A thorough workup in primary care can help determine risk.
Solitary pulmonary nodules are a frequently encountered clinical finding in outpatient and inpatient settings, and it can be daunting for many clinicians.1 This finding is seen in approximately 1 in 500 chest x-rays.2 With increasing use of chest computed tomography (CT) and chest CT angiography (CTA) for cardiac evaluation and diagnosing pulmonary embolism, the number of identified pulmonary nodules is on the rise.3,4
A solitary pulmonary nodule (SPN) is a focal, round or oval area of increased opacity within the lung parenchyma that is less than 3 cm.3 If the area is greater than 3 cm, it is referred to as a lung mass.2
This article focuses on malignant pulmonary nodules. Diagnosis of these lesions is of extreme importance because early detection of lung cancers improves patient outcomes. Lung carcinoma is the No. 1 cause of cancer-related deaths, and 5-year survival rates are as high as 85% when treatment begins in stage I of the disease.3,5
After an SPN has been identified, the first step is to obtain previous films to determine stability of the lesion.2However, this may be the patient’s first chest x-ray, or prior imaging studies may not be accessible. In such cases, a chest CT can help differentiate between benign and malignant etiologies.6 Radiographic features that provide clues to the diagnosis include the following:
- Nodule size
- Presence of calcifications
- Nodule density
- Rate of growth.
A benign etiology is more common in lesions that are smaller than 2 cm, have diffuse, uniform calcification or “popcorn” calcification, have increased density (i.e., unable to visualize normal parenchymal structures) and/or have remained unchanged in size. Larger lesions with a spiculated appearance that have increased in size are more likely to be malignant.2,6
Benign Findings. Commonly, an SPN is evidence of an old infection known as a granuloma. Mycobacterial infections, both tuberculous and non-tuberculous, should be included in the differential diagnosis. Infection by the fungus Histoplasma capsulatum is frequently encountered in the southeastern United States and is associated with bird fecal matter, especially in areas near chicken coops. Approximately 80% of people living in this region have evidence of exposure with pulmonary granulomas or fibrosis.6Many patients are asymptomatic throughout the course of this infection.7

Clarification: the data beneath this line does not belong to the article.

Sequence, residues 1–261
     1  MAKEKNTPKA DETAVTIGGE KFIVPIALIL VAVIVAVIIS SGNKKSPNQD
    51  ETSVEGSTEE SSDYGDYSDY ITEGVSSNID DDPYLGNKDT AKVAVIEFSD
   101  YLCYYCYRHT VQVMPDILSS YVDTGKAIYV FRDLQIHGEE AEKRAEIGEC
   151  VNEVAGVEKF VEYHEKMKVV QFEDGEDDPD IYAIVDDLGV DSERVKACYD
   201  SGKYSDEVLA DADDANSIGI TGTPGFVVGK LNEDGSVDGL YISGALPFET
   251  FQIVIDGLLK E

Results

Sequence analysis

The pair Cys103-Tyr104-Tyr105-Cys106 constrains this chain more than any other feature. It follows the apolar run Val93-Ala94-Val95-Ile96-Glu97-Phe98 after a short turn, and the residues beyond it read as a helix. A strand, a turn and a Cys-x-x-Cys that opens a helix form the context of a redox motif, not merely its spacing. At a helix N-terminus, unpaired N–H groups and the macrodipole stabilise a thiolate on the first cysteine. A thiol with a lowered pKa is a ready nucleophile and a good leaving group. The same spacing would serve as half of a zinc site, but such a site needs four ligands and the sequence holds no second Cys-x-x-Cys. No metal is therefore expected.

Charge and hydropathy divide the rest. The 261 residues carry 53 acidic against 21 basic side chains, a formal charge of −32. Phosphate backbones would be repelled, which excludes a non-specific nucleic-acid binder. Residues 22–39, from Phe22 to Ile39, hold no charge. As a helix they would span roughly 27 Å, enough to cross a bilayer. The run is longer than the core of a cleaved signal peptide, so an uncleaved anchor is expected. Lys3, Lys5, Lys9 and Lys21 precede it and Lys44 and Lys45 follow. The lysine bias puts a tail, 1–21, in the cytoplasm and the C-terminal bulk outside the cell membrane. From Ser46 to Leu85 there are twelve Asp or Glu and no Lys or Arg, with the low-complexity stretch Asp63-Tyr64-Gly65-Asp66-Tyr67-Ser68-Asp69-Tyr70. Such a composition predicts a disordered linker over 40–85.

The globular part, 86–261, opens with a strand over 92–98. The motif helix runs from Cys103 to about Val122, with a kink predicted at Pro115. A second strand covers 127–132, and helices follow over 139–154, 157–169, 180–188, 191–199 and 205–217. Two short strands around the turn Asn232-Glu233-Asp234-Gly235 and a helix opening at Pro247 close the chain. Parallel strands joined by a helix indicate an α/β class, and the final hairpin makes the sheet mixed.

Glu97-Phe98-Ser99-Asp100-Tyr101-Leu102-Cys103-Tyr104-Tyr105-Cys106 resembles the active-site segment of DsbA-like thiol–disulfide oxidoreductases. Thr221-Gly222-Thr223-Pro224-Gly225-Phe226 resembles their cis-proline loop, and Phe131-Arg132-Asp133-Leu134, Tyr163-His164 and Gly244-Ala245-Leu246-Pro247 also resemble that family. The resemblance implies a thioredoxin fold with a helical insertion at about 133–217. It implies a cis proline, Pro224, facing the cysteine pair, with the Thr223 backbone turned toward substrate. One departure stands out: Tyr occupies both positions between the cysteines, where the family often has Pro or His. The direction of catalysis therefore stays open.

Another common fungal infection is Coccidioidomycosis or “San Joaquin Valley Fever,” which is endemic to the southwestern United States and parts of Central and South America. Causative agents include Coccidioides immitis and Coccidioides posadasii. It can present as systemic illness or lower respiratory symptoms with pneumonia and respiratory failure.8 Other fungal infections can be caused by Blastomyces dermatitidis, Aspergillus species and Cryptococcus species.7 Medications in the triazole class of antifungals (e.g. fluconazole [Diflucan], itraconazole [Sporanox] and ketoconazole) are effective against the aforementioned fungal infections.9 Infection with the dog heartworm Dirofilaria immitis can manifest as granulomatous disease.1 This finding is rare and the only effective treatment of D immitis is surgical excision.10
Pulmonary hamartomas are benign tumors found in the lung. Areas of fat within the nodule can point to the diagnosis of a hamartoma. Lipomas and fibromas are also seen within the lung parenchyma.6
Primary lung cancer causes more deaths than breast, colon and prostate cancers combined, so prompt diagnosis is crucial to arrange appropriate treatment.5 Diagnosing lung cancer at an early stage gives the patient the best opportunity to receive curative treatment.11 The lungs are also a common site for metastasis of malignant melanoma, sarcomas and other primary cancers including breast, colon, kidney and testicle. Carcinoid tumors may be present in peripheral lung parenchyma.6,11
Knowing your patient and his or her risk factors can provide clues to the diagnosis. Risk factors associated with an increased likelihood of malignancy are as follows: growing nodule size, increasing patient age, smoking history, family history of lung carcinoma, history of other malignancies, or chemical or biological exposure history (e.g., asbestos, fumes, toxins). Of course, malignancy cannot be excluded in young patients if other risk factors exist.2,6
Some patients, upon further questioning, may express signs and symptoms that increase the suspicion of lung carcinoma. Patients can have vague and nonspecific symptoms such as fatigue, weight loss, swollen lymph nodes, anorexia and generalized weakness; other more specific symptoms include chest discomfort, cough with or without hemoptysis, dyspnea or hoarseness.12
Chest CT is the next best step in further evaluation of an SPN.2,13 While chest x-rays are cost-effective for routine examinations and initial testing for many pulmonary and cardiac conditions,14 CT scans can provide more detailed imaging to distinguish specific features of the nodule. A CT can more accurately identify smaller nodules and can detect changes as small as 0.3 mm. In comparison, radiographic changes on a standard chest x-ray must be 3.0 mm to 5.0 mm.